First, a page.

When considering the artistry of photography, one could argue that technology does all the work. After all, in today’s world, a camera is a sophisticated computer connected to a light-sensitive electronic sensor. A lens focuses light onto the sensor, and the computer (i.e., the camera) records the image. Software applications exist inside all digital cameras and also in PCs and Macs and are used to improve or adjust the picture to the photographer’s liking. So, where is the art?
But wait! The intentions of the art photographer do not differ from the intentions of an artist who uses brushes and paint. The tools may be different, but the desired result must be an image that piques the viewer’s emotions, memories and interest.
Photographers yearn to intrigue the viewer, the same as any artist, no matter the method or tools. The artist imagines the result and then works to impart his visual message to the viewer.
To achieve some photographs, a photographer might risk his/her safety, comfort or patience. It could take hours or even years to capture the right photographs. Once a desired raw photograph is taken, it usually takes more work to obtain the final appearance. Subject, color (or lack of it), texture, lines, juxtapositions of elements, cropping — it all needs to be considered. Whether using a pencil, paint brush or a camera or other means, the artist attempts to express his/her personal concept of what is interesting. For me, photography accomplishes that desire. The camera and computer are the chosen tools.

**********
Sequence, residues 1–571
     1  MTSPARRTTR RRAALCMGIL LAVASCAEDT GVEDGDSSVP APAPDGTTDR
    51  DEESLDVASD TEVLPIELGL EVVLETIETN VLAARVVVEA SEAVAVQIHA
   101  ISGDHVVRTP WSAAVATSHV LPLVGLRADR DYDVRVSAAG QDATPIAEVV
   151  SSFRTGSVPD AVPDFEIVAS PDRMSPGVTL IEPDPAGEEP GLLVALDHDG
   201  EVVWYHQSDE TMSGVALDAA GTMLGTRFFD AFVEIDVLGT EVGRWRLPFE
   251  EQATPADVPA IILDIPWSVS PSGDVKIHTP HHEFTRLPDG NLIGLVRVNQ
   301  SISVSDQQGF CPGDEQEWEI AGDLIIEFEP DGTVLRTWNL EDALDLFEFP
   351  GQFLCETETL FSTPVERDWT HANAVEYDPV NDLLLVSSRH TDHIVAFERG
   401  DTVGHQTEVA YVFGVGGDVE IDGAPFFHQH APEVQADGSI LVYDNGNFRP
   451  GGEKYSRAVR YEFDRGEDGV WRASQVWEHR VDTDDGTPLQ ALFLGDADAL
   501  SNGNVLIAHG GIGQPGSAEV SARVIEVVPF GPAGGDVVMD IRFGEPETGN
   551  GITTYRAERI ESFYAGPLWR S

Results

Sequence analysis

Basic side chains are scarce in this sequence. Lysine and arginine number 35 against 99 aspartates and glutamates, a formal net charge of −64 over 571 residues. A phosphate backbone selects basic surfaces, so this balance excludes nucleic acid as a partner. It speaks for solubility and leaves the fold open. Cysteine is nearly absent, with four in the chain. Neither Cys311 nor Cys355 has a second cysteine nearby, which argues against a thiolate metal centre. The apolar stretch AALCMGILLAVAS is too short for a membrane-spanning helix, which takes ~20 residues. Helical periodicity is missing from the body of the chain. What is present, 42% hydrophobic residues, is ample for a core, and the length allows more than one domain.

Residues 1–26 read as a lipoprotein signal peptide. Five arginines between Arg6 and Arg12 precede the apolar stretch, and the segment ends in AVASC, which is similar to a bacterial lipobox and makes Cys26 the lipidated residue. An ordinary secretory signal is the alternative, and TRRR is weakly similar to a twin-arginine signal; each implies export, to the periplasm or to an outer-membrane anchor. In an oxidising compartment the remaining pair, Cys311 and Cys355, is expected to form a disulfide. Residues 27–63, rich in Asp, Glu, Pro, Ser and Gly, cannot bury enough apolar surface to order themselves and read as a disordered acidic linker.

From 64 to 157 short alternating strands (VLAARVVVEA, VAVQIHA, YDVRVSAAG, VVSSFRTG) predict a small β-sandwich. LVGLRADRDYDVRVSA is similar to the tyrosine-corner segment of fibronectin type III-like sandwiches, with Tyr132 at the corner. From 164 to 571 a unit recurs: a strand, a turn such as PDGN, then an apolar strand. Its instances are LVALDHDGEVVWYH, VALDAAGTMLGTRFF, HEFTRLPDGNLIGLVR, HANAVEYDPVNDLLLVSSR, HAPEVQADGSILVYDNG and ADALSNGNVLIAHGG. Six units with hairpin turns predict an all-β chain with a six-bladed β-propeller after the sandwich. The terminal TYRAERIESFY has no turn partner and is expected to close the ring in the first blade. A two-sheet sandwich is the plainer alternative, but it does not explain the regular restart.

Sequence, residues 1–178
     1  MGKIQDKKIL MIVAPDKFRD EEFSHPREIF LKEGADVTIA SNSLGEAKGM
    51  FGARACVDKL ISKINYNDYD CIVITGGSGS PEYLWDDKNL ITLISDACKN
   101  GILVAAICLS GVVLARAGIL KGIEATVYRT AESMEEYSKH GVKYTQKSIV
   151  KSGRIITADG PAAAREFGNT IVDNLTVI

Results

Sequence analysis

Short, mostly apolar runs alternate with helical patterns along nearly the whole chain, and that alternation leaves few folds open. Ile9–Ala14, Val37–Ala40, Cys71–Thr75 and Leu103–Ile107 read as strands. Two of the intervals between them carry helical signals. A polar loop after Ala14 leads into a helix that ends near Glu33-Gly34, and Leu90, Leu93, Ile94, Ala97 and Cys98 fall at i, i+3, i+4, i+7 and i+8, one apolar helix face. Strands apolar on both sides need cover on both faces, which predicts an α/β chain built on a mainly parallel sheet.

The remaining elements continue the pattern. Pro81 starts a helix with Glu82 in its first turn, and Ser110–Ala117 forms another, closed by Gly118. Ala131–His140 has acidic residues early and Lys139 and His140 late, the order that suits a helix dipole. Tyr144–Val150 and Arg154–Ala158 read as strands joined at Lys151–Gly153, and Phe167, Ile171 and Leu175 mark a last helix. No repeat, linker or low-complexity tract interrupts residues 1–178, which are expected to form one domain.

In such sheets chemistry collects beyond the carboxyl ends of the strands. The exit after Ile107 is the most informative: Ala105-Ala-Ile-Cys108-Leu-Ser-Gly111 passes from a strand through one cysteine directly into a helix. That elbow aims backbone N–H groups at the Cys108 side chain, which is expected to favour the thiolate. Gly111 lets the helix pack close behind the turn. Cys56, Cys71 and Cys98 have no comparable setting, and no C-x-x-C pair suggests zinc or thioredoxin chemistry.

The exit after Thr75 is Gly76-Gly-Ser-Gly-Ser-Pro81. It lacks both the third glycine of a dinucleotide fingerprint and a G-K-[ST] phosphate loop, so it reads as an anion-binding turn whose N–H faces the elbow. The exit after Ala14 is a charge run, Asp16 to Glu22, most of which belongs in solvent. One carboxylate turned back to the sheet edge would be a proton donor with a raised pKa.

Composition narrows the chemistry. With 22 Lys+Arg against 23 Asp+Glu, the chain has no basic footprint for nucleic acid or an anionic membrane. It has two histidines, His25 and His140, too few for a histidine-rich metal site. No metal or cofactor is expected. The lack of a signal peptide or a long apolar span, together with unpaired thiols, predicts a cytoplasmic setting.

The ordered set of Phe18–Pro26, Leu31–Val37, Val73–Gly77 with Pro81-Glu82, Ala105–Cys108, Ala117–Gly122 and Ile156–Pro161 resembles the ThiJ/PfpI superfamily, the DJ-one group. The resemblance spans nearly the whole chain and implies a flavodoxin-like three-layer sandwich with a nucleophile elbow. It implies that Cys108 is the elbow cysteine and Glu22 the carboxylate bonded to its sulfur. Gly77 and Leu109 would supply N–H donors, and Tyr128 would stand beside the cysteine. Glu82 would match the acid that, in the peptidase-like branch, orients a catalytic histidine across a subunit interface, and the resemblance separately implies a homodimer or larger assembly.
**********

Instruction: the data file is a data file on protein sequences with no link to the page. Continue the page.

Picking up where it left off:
The Images On This Wall
Many of the images on this wall are made of multiple photographs. All images begin as photographs, as that is my medium of choice. Even the Time cover is a photograph into which I placed the photograph of Eno Hall. Having practiced water coloring for many years, I enjoy building some pictures from chosen parts, approximating what one would do with paint and brush.